GRIZZLIES -- The 7-3 Thabeet's skills are undeniable: He's a dominating shot-blocker who, as Syracuse guard Flynn says, "has the ability to just come out of nowhere." He also has offensive potential, which Thabeet has been developing with the help of Scott Roth, a former NBA assistant coach. Roth believes that in a few years Thabeet could have a nice jump hook and a 10-to-12-foot jump shot in his repertoire. However, the Grizzlies have been collecting point guards like trading cards over the last two years and it is curious that they would pass on Rubio and Evans, two potential solutions at the position. Memphis did pick up two serviceable players in DeMarre Carroll and Sam Young, but if Thabeet, who benefited from the college rules that allow him to camp out in the paint, turns out to be more Shawn Bradley than Dikembe Mutombo, the Grizz will have blown a significant opportunity.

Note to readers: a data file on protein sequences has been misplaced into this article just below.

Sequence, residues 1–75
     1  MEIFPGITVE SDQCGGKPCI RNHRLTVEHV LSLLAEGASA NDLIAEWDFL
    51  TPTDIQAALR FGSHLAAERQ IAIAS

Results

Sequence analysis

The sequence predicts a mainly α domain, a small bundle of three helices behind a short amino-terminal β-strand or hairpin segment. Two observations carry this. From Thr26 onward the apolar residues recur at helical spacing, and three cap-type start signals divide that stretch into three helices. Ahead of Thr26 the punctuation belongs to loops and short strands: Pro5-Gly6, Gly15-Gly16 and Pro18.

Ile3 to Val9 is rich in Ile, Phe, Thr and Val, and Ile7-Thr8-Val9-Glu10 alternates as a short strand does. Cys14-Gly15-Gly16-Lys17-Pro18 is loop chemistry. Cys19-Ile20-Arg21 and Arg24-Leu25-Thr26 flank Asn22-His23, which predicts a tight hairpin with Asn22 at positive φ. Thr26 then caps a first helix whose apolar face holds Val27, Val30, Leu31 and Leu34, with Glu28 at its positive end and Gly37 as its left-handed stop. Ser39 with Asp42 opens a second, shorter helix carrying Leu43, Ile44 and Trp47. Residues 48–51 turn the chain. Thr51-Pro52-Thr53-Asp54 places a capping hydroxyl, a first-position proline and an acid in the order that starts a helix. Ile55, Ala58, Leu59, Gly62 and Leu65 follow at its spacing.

BUCKS -- Brandon Jennings is an electrifying scorer who knows how to make an entrance -- with some assistance from super publicist Ilana Nunn, Jennings, who was not expected to attend the draft, zipped a few blocks from the nearby Westin hotel to make a dramatic appearance on stage two picks after being selected -- but his stock dropped as teams wondered if he could handle the point guard position. Jennings will have to prove he is as capable as Ramon Sessions, a restricted free agent who may not return to Milwaukee, in order to justify his selection at No. 10.

PACERS -- Tyler Hansbrough will probably have a long NBA career. He will collect NBA paychecks well into his 30s and retire a wealthy man. His work ethic is unquestioned, and Pacers coach Jim O'Brien loves players with a strong motor. But Hansbrough seems like a fourth big man in a rotation playing a limited role. That's not what you are looking for at No. 13, not when potential high-upside players like Earl Clark and Holiday are still on the board.